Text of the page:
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City and officials pending litigation

By Staff | Feb 20, 2013

City Building, 200 Diamond Street, Sistersville

Two former City of Sistersville employees who were among the five who resigned in August 2012 are taking legal action against the City of Sistersville and two of its leading officials. Civil action papers filed in the Tyler County Circuit Court reveal the claims of former City Clerk Patricia Soliday and former Clerk and Treasurer Diana Mace against the defendant city, Mayor David Fox, and Recorder Julie Schleier.

In these documents, Mace and Soliday claim that their August resignations were the result of an illegal and hostile working environment allegedly created by Fox and Schleier in retaliation of the then-clerks’ questioning and reporting of illegal, improper, or unethical practices. Their legal complaints describe the altered working conditions as “so intolerable that any reasonable person would be compelled to resign their employment.”

Mace’s complaint suggests “a civil conspiracy to oust her from her position at City Clerk and Treasurer so that the Defendants could give her job to then-councilwoman, defendant, Julie Schleier.”

Furthermore, the complaint recognizes the possibility that their “whistleblowing” may have started an investigation by the West Virginia Ethics Commission. Executive Director Theresa Kirk of the West Virginia Ethics Commission stated, however, that she could not reveal the legitimacy of an investigation.

Mace and Soliday claim that, following their resignations, the defendants made defamatory statements accusing the plaintiffs of embezzling public funds from the City of Sistersville by using it to pay for Soliday’s health insurance premiums.

Soliday’s complaint states that Fox accused her of using her position in city government to steal water and sewage from the City of Sistersville by manipulating the bill for her home in July 2012 to reflect the minimum monthly charge rather than her actual usage. It further states that Fox and Schleier impugned her good character by instructing the West Virginia Public Employees Retirement Board that her departure from employment was “for reasons other than honorable.”

Mace and Soliday deny the truth of these defamatory statements which they claim were made against them and allegedly published by the defendants to third parties. They suggest that alleged intentional interference by the defendants caused a delay in their receiving pension and unemployment benefits.

Both complaints cite negligence by Fox and the City of Sistersville by breaching its duties to the plaintiffs in one or more of the following particulars: negligent hiring or supervision of city officers or employees; failure to protect city employees from retaliatory conduct and a work environment hostile to “whistleblower” employees; failure to respond to employee notices and complaints of a hostile or retaliatory work place environment; failure to respond to employee notices and complaints of unlawful or illegal practices; and failure to adhere to lawful and appropriate practices for the operation of its day-to-day business. The plaintiffs claim that these alleged acts and omissions caused them to be subjected to a hostile work environment and to be retaliated against in violation of West Virginia public policy.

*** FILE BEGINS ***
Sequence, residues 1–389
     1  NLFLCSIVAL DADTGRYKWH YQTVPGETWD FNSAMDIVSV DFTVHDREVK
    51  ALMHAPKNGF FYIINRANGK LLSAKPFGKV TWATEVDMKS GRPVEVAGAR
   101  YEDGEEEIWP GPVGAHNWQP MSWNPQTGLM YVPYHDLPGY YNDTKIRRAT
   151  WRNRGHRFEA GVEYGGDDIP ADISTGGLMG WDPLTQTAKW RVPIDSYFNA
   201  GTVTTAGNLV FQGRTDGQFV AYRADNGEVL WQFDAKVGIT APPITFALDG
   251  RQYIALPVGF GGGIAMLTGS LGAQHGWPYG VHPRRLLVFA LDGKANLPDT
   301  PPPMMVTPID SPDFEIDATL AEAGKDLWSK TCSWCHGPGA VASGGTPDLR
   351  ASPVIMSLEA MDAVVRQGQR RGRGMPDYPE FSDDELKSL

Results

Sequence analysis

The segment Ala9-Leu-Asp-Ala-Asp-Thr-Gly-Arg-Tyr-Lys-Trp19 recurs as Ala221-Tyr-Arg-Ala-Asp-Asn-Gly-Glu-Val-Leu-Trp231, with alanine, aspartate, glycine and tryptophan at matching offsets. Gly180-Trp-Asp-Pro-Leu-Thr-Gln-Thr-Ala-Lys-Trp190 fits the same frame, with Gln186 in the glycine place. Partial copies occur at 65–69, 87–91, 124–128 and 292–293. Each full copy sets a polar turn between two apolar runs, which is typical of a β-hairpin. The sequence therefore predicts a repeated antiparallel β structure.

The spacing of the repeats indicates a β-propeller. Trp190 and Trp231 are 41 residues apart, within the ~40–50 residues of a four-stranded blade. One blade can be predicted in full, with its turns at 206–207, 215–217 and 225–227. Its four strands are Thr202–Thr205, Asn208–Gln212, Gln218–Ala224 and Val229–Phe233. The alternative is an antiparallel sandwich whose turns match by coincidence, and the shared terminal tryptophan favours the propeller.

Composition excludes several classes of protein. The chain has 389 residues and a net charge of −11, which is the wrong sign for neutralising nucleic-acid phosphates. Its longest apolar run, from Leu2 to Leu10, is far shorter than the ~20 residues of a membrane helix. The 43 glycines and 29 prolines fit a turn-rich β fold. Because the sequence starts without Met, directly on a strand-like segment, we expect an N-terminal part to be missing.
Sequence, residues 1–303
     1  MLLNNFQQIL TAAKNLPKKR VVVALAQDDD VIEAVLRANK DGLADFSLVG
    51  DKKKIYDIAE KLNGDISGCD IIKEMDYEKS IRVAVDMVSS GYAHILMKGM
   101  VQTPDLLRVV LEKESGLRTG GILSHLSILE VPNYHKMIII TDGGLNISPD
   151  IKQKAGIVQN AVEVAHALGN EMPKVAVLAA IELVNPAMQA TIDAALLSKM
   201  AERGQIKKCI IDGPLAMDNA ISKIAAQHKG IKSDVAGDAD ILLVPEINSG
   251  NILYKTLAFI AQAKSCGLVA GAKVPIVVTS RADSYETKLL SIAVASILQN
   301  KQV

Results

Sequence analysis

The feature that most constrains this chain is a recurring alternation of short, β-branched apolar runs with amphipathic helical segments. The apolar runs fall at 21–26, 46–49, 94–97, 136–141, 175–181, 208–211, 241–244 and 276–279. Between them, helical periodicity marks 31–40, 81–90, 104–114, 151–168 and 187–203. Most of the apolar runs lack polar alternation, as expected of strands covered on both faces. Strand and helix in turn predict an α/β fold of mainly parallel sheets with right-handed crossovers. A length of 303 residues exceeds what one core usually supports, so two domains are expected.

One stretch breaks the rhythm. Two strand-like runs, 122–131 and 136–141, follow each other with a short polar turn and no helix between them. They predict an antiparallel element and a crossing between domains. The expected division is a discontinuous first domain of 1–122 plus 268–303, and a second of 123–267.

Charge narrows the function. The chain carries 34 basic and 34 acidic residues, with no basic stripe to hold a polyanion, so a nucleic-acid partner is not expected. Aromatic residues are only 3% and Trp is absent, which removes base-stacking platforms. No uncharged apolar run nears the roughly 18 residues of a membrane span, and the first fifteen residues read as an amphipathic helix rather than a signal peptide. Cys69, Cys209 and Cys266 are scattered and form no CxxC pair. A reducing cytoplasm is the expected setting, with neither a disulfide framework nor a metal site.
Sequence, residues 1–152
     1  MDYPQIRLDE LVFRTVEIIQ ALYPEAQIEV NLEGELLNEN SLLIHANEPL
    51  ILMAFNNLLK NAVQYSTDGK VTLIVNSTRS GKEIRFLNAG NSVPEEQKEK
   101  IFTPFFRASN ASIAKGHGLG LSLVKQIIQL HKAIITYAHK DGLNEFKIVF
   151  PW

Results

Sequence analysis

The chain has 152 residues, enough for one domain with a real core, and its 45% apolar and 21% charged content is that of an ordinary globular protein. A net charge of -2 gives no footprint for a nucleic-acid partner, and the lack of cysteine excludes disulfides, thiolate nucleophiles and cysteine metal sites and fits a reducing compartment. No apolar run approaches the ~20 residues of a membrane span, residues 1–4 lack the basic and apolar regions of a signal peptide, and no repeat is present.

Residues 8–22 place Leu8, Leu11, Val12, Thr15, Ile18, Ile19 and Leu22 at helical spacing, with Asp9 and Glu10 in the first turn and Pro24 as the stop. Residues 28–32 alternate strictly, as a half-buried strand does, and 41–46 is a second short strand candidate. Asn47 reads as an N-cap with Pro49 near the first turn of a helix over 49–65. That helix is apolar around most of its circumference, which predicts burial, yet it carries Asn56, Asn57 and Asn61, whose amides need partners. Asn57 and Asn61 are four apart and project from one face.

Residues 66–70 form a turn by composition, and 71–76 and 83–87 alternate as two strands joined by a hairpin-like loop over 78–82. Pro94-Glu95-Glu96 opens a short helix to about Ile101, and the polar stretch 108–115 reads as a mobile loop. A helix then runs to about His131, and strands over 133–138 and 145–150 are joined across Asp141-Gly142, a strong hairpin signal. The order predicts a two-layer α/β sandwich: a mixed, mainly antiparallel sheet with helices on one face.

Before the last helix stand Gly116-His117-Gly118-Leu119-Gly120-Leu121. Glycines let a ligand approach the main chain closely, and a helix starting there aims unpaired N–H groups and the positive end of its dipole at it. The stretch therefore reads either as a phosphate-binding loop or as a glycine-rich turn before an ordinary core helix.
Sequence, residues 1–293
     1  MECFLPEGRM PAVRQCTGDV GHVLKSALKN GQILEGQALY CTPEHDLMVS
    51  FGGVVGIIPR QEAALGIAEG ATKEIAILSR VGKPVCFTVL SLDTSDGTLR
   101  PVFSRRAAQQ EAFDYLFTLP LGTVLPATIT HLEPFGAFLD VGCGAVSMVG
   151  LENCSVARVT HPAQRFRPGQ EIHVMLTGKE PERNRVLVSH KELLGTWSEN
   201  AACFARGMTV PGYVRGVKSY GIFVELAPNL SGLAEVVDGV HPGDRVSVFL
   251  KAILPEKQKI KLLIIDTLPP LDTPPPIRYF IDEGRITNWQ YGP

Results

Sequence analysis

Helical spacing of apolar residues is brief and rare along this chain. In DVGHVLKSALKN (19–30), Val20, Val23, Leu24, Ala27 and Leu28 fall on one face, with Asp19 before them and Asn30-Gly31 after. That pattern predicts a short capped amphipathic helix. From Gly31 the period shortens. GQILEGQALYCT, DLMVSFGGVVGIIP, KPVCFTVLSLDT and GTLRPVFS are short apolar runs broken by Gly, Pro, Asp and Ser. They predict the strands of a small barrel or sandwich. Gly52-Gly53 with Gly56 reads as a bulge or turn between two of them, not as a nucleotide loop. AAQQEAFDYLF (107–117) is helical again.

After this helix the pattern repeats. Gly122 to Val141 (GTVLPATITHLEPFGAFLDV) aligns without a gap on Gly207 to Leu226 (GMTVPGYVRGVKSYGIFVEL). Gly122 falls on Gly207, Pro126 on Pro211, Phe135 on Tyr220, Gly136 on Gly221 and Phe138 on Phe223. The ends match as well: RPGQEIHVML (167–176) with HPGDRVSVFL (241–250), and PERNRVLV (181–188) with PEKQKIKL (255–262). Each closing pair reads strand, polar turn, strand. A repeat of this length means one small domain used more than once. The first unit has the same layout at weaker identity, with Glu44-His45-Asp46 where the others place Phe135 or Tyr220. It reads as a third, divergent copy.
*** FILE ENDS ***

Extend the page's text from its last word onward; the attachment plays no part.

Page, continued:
Mace and Soliday seek compensation and recovery for alleged damages as follows: their losses of employment with the City of Sistersville, for which they seek injunctive relief in the form of reinstatement if the current administration resigns or is ousted; lost wages past and future, lost income, lost employment opportunity and economic losses; loss of employment benefits; interference with pension benefits; interference with and an ability to temporarily access unemployment benefits; severe mental anguish and emotional distress; annoyance, inconvenience, severe embarrassment, severe humiliation, chagrin, fear, and other similar general damages; damage to her reputation and character; pre-judgment and post-judgment interest where allowable; and attorney’s fees, costs as may be appropriate.

They also seek, if their claims are judged to be true, that the defendants be punished for their alleged illegal conduct to deter the defendants and others similarly situated from engaging in similar conduct in the future.

All plaintiffs and defendants involved declined comment in regard to the pending legal litigation. Diana Mace and Patricia Soliday are being represented by Jividen Law Offices, while services for the defendant city and representatives have been retained by the city through Steptoe and Johnson. No hearing date has been set.